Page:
Damage Control: What Not To Do When Your Social Media Goes Wrong


Image by Craig Loftus

There are all kinds of ways social media can go wrong. Merely provoking controversy can cause a social media backlash – as Simon Pegg discovered when he raised a contentious point about the word disabled recently.

Managing your social media conscientiously and professionally is the best way to maintain steady, measurable audience development and progression.

But what if something outside your control goes wrong?

Here are four things not to do if you want to manage a successful damage control campaign.

1. Don’t Complain About The Insults
If you’ve made a mistake, it doesn’t matter if you feel victimised. The public does not see you as the victim.

Remember how people like Tony Hayward and Chris Brown looked after they started complaining about how they were feeling?


People want you to be hurting right now. As a competent social media manager it’s your job to accept it with good grace, correct any errors of fact, and be polite to even your most vicious detractors.

It’s hard, but that’s why it’s a job.

2. Don’t Ignore The Comments
This is a great chance to show that you are actively listening to criticism and taking it on board. People do not like to be ignored, and showing that you’re listening and genuinely interested in what critics have to say can soften the first waves of attack.

If a particular critic made a remark you feel was particularly insightful, and especially if it was quite constructive, try referring your other less constructive critics to it, and asking them what they think about it.

Refer your most intelligent and amiable supporters and detractors to each other so that a dialogue can be established. Interject with neutral comments here and there to show that you’re present and taking things on board.

Not only will this create more of a sense that a compromise can be reached by showing that you’re listening, but it should end up showing you some ways that your company should (in the public’s view) be proceeding on the matter.

3. Don’t Argue With Activists
Even if you’re sure that you are one hundred percent correct, you simply cannot argue with activists.

At best, you will be technically right but look like the bad guy to anyone who sympathises with the activists’ cause. By making the engagement a debate, you’ve also brought the issue to the attention of a much wider audience.

Most likely, you will lose the argument. It almost doesn’t matter if you’re right or wrong, you are on their home turf. These are people who have dedicated most of their lives to arguing about this issue, and they have a lot of practice.

Because social media is increasingly used as a metric in performance SEO to determine relevance, creating a lot of chatter could impact how you rank in search engines, too – for instance, negative news stories could start to outrank your main site!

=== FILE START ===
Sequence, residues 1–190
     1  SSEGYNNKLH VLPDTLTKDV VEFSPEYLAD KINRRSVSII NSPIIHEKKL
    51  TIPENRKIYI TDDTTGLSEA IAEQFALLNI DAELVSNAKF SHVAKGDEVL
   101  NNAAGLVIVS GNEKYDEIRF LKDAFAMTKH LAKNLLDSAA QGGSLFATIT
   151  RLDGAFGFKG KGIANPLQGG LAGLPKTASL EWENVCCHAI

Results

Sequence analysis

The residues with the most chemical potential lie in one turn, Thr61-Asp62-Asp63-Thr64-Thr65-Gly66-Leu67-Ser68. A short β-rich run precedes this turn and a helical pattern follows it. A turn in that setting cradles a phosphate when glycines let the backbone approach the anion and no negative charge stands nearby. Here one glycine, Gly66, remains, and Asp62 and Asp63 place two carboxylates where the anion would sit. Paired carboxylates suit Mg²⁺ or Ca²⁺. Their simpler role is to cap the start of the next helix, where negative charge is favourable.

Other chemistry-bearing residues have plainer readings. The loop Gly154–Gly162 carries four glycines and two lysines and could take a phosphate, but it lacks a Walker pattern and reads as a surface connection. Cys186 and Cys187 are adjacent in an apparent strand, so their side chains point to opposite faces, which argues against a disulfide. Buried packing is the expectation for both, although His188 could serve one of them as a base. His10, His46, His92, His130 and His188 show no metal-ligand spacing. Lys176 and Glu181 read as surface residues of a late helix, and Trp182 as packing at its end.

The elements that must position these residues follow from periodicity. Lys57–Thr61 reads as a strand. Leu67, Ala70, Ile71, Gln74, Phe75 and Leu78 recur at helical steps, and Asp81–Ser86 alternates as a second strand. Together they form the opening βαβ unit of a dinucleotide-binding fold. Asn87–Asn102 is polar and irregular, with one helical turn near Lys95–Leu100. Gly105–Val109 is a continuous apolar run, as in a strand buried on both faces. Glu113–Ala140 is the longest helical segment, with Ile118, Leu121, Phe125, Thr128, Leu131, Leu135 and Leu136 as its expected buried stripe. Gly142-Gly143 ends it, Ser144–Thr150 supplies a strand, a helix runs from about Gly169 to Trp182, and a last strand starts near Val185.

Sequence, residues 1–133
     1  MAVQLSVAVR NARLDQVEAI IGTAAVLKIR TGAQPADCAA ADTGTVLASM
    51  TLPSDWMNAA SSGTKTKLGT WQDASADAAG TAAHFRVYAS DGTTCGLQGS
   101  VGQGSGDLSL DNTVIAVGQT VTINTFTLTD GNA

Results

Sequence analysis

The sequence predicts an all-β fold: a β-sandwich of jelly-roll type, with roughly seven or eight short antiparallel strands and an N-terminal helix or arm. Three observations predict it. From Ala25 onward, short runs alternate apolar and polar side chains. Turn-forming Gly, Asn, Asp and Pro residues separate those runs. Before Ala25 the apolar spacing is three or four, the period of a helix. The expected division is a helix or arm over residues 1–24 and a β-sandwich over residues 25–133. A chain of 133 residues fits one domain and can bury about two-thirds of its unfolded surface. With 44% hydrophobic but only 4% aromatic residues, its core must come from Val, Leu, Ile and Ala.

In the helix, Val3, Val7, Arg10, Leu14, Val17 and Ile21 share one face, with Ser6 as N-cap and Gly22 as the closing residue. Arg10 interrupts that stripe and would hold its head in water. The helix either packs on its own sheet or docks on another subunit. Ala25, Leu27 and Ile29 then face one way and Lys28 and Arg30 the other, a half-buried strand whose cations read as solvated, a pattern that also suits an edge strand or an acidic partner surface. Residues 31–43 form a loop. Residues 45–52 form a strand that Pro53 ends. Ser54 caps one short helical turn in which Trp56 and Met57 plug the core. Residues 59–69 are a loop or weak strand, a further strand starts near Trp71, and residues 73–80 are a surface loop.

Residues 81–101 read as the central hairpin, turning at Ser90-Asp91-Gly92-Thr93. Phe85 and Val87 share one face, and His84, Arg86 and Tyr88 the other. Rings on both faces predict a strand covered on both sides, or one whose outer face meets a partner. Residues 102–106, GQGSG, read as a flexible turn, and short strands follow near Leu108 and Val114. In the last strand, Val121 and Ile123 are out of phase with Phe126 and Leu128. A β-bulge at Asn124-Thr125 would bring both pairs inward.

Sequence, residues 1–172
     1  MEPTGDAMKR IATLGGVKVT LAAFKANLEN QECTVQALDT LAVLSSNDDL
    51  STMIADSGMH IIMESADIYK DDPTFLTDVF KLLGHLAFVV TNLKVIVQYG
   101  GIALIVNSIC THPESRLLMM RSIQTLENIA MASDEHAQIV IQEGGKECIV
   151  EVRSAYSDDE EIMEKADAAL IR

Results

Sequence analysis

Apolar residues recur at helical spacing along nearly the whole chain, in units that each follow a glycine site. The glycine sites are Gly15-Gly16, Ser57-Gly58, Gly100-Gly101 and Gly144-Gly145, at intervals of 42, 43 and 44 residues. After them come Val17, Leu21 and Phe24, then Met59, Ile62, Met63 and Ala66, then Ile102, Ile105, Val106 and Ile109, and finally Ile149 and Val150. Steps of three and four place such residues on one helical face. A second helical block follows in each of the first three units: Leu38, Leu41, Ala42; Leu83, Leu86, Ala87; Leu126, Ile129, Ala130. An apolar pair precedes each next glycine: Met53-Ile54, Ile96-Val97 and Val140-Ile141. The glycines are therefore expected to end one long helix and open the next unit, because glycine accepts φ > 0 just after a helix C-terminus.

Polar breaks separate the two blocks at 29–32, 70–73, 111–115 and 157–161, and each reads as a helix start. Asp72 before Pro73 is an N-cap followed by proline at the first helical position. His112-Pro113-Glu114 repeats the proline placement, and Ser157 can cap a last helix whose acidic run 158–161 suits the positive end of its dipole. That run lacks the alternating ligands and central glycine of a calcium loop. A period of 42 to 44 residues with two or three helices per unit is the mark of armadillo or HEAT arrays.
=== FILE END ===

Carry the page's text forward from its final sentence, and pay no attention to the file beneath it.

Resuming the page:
4. Don’t Appeal To Popularity
Over the years, we’ve seen various forms of the appeal to popularity. PR professionals like Paul Christoforo have claimed deep insider connections, while United Airlines have acted like one customer’s complaints are immaterial, given their huge customer base.

Unfortunately for both of these guys, popularity is a dangerous and fickle thing on the internet.

Say you’re running an eCommerce’s Twitter account with 200,000 followers, and have been pitted against a disabled rights activist with 600 followers – who do you suppose has more true fans?

What about the same eCommerce account pitted against a disgruntled customer with 40 followers?

Because the “like” button on most social media accounts can mean anything from “Awesome!” to “Satisfactory”, while the “share” and “follow” buttons can be used by people who actively dislike your message, they are poor metrics for determining who is most popular.

In fact, in terms of fans actively supporting their cause, the average customer is likely to outweigh you at least 2 to 1.

Besides which, trying to point to the popularity of your message is just a bad way of arguing. It makes you look petty, uneducated and worst of all, like a bully. Just don’t.

So What Do You Do?
It’s actually very simple. With damage control, most of the work has been taken out of your hands.

The best points will be made by other interested parties on each side, meaning that all you have to do is listen, engage, and don’t try to go too far too fast. Arrogance is the killer, be humble, be patient, and act wise even if you’re not!

Follow this advice and you should at least avoid making the situation worse…

Attached Images:
  •  License: Creative Commons image source

James Duval writes about marketing for Strategy Internet Marketing, who are a digital marketing agency with a focus on SEO, CRO, online PR and social media solutions.

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